Could you maybe just put a few words on like just during those  months that you've been there? How has that journey been so far?

Jonathan: Yeah, it's been hugely exciting. It's come in two phases, really. There's the initial six months where it was just me. So I didn't have a team. So and kind of covering off so many different areas. So primarily new business, negotiating SAS contracts with with our existing and expanding customers, but also kind of doing the corporate foundational work, incorporating entities in France and Germany and all of that good stuff and helping enable the rapid growth in headcounts. We were only  people in Europe and now we're  plus. So a huge amount of growth in terms of personnel, but also in terms of revenue as well. 

So that first six months I was really doing everything from a legal perspective, employment as well, privacy. It was really fascinating, but also it's a challenge on your resources when you're doing all of that. So you have to ruthlessly triage and prioritize what is kind of key for the business and turn your attention to it. And you're very much kind of doing baseline compliance in some areas and focusing on the real high risk areas and putting your time into that. 

So everyone at Figma has done it. It's kind of the six months initial trial, almost where you kind of head of HR did the same, where you're kind of coming in and you're, you're building things just on your own and looking after everything and then you start recruiting and then things become more manageable. And then it's a focus on the on the kind of the value add and the strategic rather than just the tactical. So when you not have only done this once, you've done it twice.

Stine: I think you are almost a veteran when it comes to really scaling a US company into Europe. And one of the challenges that are then I could pursue is maybe around privacy and getting that ingrained and bridging the US with the EU and working with that.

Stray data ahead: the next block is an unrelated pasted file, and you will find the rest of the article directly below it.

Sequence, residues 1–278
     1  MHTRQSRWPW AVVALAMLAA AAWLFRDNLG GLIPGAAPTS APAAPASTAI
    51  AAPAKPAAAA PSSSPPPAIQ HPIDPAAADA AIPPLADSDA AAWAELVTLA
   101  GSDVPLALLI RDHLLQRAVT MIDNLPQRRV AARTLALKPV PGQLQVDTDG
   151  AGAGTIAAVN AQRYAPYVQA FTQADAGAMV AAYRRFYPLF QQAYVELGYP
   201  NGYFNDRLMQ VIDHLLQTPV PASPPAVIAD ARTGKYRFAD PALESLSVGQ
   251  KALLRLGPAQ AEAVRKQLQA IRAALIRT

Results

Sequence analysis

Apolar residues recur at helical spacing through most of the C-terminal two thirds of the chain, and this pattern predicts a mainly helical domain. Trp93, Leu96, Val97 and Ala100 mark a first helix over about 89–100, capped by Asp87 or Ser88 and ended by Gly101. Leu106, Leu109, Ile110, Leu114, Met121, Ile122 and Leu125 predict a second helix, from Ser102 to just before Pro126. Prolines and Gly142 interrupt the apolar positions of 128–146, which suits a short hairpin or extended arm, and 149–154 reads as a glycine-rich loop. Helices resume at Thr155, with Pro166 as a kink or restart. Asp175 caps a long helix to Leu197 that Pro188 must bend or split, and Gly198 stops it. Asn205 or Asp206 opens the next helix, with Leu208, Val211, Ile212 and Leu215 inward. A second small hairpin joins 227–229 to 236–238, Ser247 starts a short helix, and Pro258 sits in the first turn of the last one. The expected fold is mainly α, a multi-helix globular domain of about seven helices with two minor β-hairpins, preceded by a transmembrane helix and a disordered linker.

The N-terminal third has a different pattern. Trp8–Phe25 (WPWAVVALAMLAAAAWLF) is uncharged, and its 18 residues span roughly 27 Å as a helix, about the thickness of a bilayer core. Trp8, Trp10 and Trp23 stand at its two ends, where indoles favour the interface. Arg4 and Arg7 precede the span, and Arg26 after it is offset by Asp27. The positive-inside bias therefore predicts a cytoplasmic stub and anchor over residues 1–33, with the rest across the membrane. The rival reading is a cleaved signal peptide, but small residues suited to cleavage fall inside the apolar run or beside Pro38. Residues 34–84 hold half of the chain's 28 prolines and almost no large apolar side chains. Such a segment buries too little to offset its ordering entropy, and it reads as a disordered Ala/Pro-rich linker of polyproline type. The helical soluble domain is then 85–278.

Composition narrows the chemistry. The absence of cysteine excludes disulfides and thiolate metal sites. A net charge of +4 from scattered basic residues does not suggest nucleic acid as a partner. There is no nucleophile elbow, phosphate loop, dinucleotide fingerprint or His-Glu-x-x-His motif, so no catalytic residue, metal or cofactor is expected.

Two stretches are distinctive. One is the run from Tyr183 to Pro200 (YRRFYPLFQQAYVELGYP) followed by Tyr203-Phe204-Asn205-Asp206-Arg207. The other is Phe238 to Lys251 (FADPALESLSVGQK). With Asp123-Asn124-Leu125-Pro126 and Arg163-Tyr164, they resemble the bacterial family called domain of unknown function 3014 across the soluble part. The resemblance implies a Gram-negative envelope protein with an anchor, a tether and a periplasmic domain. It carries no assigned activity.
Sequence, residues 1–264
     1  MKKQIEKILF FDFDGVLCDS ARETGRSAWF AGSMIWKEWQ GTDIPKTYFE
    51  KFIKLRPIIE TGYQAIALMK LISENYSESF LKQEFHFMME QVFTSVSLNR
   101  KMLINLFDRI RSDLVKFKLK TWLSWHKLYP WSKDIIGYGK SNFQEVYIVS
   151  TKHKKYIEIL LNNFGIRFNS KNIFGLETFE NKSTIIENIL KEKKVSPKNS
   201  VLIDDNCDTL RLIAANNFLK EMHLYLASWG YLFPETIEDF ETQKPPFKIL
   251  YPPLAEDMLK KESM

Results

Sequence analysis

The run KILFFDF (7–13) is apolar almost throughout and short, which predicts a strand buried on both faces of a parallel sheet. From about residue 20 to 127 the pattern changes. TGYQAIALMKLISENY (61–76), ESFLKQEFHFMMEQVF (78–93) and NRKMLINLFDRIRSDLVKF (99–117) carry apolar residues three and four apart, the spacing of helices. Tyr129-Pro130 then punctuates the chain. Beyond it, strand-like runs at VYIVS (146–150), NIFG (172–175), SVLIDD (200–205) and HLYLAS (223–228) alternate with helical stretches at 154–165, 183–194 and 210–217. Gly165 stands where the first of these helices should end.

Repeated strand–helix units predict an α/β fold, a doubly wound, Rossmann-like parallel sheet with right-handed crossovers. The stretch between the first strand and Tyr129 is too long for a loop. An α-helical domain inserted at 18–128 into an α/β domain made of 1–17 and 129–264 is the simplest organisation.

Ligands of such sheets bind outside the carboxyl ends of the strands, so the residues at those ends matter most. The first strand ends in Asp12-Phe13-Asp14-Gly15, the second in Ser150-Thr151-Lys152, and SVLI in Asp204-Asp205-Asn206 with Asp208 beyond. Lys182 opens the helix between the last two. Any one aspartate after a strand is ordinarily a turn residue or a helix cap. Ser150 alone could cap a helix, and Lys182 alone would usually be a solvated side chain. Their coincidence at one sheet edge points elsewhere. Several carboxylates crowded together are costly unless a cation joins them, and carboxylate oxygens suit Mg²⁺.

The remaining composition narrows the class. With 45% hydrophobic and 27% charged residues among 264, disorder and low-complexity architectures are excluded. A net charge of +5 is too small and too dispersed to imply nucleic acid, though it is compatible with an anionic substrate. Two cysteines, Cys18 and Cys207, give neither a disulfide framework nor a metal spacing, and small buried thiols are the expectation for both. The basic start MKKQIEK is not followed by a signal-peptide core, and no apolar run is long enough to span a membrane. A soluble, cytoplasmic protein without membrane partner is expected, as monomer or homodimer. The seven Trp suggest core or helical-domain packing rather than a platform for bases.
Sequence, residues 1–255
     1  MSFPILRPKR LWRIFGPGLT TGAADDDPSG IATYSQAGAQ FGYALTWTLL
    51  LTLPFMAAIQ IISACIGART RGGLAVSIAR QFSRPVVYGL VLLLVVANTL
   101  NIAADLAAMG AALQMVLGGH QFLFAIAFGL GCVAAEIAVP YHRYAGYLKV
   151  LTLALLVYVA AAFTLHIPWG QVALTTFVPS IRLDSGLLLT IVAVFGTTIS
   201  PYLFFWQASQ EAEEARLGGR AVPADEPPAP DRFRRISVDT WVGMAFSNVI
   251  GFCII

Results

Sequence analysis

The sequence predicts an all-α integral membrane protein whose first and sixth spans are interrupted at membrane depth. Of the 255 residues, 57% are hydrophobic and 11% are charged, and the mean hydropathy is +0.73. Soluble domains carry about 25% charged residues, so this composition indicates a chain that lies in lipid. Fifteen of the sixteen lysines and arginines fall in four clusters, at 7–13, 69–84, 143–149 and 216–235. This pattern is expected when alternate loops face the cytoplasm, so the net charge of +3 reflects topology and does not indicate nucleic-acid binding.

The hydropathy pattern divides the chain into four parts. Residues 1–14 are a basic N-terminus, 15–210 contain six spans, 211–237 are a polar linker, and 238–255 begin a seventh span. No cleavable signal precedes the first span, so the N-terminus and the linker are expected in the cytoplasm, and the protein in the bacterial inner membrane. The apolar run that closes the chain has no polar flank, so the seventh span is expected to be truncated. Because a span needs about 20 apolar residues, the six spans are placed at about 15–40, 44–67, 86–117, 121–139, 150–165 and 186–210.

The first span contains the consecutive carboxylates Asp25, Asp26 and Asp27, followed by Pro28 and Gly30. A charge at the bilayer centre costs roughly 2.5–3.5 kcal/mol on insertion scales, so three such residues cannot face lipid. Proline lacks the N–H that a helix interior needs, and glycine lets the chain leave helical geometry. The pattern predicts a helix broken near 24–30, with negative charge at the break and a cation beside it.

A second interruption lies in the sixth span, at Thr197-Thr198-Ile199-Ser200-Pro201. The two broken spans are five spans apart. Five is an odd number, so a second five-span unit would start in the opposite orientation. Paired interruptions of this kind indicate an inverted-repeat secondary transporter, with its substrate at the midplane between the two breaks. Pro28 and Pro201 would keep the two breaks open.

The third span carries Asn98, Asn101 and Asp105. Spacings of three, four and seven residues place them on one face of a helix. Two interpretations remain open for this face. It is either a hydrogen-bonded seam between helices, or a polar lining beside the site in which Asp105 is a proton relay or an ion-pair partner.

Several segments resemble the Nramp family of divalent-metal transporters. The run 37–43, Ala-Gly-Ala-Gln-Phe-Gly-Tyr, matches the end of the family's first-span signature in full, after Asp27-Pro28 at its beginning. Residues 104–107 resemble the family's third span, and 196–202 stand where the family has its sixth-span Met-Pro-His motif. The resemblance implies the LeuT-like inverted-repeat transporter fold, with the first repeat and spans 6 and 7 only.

Could you maybe just share a little bit about what have been your experiences and how have you worked with it? 

Jonathan: Yeah, this is the second time I've done this. So before Figma, I was at a company called Zero who did identity management and a very similar growth trajectory to Figma. And then we were acquired by Opta for six and a half billion. A couple of years ago now. So this is my second time around, which makes it easier because you're following a certain playbook and you've seen you've seen things happen once before. But the scale of Figma, I would say, is what makes it so unique. The challenge we're growing at a pace that is really quite unprecedented.

And the way you speak about the product is fantastic because we have that passion from all of all of our Figma customers and we have a we're a community led business like Zero was. So we kind of our business strategy was to go in and become popular with designers who would then by word of mouth, almost kind of spread the news about Figma and then generate a huge organic following that kind of then flows back up through the business, which is a brilliant way of doing business because you're kind of selling to the people who really use the product on a daily basis rather than top down. 

So yeah, delighted to hear that your team are big fans. But yeah, coming back to the privacy question, this is something that is becoming, ever since the Shrems  decision, and kind of the death of privacy shield. This is an area that we're spending a lot of time on with new business negotiations. So almost like duplicating the amounts of time we're spending negotiating with customers because not only are we negotiating the software licensing agreement or the MSA but then we're also negotiating the terms of the data processing and then more DPA on top of that. 

It's such a slightly gray area at the moment as well in terms of what is permitted transfer, and hopefully that's going to be addressed soon with the EU and US agreeing some kind of new regime. I have my fingers crossed that these details will be announced soon.

I'm sure Mr. Shrems will want to challenge that as well. So I kind of can't rely on that too much because it's got to be tested through the courts. But yeah, this is something that's kind of adding a third to half the time again into new business negotiations. So when it comes to working with privacy, it's something that is also very close to my heart and I know it is to you too. 

Stine: My own experience in the early days of GDPR was a big resistance, especially from US companies. Due to the fact that GDPR was just super complex and not adding any value, where I'm starting to see now a shift and also seeing that it's something that is used and leveraged in many ways during sales negotiations and sales processes, showing how the companies are taking GDPR seriously and working with privacy. What has been your experience during your career working both from Auth and now also with Figma?